Reducing new HIV infections is a global health priority, especially in sub-Saharan Africa, where 70% of new HIV infections and 75% of vertical infections occur. Due to shortages in health workers and other resources, significant coverage gaps exist in initial HIV testing of pregnant women at antenatal care (ANC) and referrals of those who are HIV-positive for prevention of mother-to-child transmission (PMTCT) and treatment. Furthermore, almost no attention is given to the prevention needs of HIV-negative pregnant women at ANC. As a result, researchers and policy makers have called for innovative approaches to reconceptualize the ANC- HIV-PMTCT care continuums. The proposed R21 will be the first adaptation of the CenteringPregnancy (CP) group ANC care model in low-resource, high HIV prevalence settings. The shift to group care is an innovative paradigm that makes more efficient use of scare health practitioner time and improves quality of care by incorporating essential HIV-related information and services into ANC for all women, regardless of HIV status. In CP-Africa, a group of 12 mixed status (HIV positive and negative) women with similar due dates meet with the same trained practitioner at every ANC visit. Self and practitioner assessments and practitioner-initiated linkages to others services (e.g., PMTCT) occur in the first 30 minutes. This is followed by 90 minutes of education and skill-building to promote awareness of HIV testing, prevention, and treatment options and build self-efficacy leading to behavioral changes and increased health system use. Continuity of care will strengthen linkages to HIV-related and other services as women forge a collaborative relationship with a specific practitioner. Couples testing is promoted by inviting men to an HIV session followed by a testing opportunity. This R21 will be used to complete essential developmental work that will enable us to bring this paradigm- changing model to sub-Saharan Africa and allow us to move toward testing the efficacy of CP-Africa on a large scale. Guided by principles of community-based participatory research, we will develop and pilot CP-Africa in Malawi and Tanzania, countries with different HIV prevalence (11% vs. 6%), HIV testing rates, and PMTCT coverage. ANC sessions and activities, procedures to schedule practitioner time, meeting space, form groups and facilitate follow-up on individual women's HIV, PMTCT, and other needed services will be developed collaboratively with stakeholders. Outcome measures new to sub-Saharan Africa will be validated by cognitive interviewing. We will then pilot the entire CP-Africa package at 4 sites with 192 women randomized into CP- Africa or individualized care;obtain baseline, late pregnancy and 8 week post birth outcome data;and conduct full process evaluations of the implementation process including direct observation of sessions and qualitative assessments by women and providers. Data from this study will be collated and used to refine the CP-Africa package to prepare for a clinical trial. If CP-Africa can be successfully adapted in two African countries, this will enhance the likelihood of success in other low-resource settings.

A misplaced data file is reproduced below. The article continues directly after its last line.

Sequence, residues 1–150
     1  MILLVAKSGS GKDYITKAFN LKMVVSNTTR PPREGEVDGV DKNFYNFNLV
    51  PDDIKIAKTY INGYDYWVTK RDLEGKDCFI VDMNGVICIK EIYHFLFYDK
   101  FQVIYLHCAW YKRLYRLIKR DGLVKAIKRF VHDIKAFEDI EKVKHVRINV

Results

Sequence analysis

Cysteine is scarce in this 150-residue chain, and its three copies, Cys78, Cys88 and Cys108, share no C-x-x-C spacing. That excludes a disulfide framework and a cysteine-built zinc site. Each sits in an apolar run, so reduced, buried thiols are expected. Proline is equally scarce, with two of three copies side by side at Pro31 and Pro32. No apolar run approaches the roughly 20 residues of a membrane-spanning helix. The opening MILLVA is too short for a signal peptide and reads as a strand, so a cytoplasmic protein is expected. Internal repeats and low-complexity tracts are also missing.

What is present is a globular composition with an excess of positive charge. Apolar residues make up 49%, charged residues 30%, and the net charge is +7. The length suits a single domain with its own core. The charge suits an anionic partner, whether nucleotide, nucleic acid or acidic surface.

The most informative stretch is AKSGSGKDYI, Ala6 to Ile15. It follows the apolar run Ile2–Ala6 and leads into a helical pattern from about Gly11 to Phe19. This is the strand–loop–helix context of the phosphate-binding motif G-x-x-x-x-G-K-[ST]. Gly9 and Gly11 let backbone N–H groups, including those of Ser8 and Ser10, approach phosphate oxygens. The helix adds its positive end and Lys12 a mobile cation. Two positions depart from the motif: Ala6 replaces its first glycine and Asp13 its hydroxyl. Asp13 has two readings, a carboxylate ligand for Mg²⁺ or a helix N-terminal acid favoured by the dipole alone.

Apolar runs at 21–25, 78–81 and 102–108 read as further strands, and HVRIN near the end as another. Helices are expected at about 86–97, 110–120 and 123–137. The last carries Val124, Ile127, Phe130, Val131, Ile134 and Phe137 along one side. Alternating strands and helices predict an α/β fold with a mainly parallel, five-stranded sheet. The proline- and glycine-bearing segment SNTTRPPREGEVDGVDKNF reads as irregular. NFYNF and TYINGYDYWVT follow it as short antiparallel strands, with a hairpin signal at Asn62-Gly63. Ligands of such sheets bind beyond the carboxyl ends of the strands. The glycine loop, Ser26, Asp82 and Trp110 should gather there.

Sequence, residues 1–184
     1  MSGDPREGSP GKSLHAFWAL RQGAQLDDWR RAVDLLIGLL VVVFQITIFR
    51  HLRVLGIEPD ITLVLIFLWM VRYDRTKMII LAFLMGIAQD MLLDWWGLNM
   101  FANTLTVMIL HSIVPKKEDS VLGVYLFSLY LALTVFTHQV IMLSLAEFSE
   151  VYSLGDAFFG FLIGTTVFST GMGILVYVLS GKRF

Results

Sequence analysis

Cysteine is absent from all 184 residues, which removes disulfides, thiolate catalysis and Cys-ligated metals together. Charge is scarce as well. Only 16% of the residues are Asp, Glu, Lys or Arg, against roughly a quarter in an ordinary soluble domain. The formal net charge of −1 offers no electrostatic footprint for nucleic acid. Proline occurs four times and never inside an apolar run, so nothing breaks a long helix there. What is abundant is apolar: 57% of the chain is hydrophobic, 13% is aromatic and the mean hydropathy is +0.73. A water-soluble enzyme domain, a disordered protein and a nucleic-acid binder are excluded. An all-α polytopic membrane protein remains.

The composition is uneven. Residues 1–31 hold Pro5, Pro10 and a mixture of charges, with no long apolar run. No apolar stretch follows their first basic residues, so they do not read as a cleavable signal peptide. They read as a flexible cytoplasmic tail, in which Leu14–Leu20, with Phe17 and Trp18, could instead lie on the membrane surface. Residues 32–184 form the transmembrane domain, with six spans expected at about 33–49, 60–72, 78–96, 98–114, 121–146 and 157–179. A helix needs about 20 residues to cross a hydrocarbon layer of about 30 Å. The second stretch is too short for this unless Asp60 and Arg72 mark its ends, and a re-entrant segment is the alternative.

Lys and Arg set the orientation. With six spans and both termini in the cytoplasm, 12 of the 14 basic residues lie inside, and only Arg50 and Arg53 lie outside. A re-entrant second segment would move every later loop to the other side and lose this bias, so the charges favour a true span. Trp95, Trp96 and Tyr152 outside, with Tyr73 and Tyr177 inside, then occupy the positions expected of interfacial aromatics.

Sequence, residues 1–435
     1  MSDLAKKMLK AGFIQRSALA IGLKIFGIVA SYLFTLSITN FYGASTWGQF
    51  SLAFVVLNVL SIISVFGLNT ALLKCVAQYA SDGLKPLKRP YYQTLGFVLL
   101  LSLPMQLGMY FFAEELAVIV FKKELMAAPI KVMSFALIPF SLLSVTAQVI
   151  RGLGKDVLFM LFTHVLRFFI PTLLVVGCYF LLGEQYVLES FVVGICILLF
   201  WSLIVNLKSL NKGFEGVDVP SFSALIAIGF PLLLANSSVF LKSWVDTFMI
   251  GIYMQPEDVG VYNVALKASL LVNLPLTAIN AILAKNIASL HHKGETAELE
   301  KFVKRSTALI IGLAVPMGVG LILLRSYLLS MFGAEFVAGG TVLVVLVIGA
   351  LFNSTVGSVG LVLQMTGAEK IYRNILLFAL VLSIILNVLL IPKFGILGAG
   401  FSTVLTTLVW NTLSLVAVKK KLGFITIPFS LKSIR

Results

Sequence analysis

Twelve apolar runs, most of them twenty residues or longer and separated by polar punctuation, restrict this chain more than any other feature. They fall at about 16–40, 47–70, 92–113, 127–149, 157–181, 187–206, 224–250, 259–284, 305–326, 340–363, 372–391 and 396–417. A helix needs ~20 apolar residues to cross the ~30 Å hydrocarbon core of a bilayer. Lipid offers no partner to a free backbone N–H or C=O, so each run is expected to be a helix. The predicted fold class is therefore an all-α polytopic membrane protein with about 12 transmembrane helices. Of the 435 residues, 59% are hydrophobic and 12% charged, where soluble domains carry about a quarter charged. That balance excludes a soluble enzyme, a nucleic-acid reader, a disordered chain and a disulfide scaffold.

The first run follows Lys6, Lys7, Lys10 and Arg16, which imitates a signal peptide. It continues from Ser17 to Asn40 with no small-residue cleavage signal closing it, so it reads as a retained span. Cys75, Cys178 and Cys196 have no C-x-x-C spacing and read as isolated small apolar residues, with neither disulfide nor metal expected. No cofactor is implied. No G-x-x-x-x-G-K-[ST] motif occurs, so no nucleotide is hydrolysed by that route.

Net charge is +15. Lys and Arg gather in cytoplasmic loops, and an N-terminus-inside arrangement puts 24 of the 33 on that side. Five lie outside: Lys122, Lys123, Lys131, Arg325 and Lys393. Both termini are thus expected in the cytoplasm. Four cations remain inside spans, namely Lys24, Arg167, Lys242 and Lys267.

Antenatal care (ANC) is an ideal venue for HIV education and prevention of mother-to-child transmission (PMTCT), but severe health worker and resource shortages in sub-Saharan Africa limit ANC's capacity to meet these goals. The proposed research will adapt and pilot an innovative, evidence-based model of group ANC that restructures provider time, allowing resource-limited health facilities to offer high quality ANC inclusive of HIV prevention and PMTCT. This project will be conducted in two high HIV prevalence African countries, Malawi and Tanzania, and will provide the necessary data for a larger study which may provide a model for other high prevalence, low resource countries.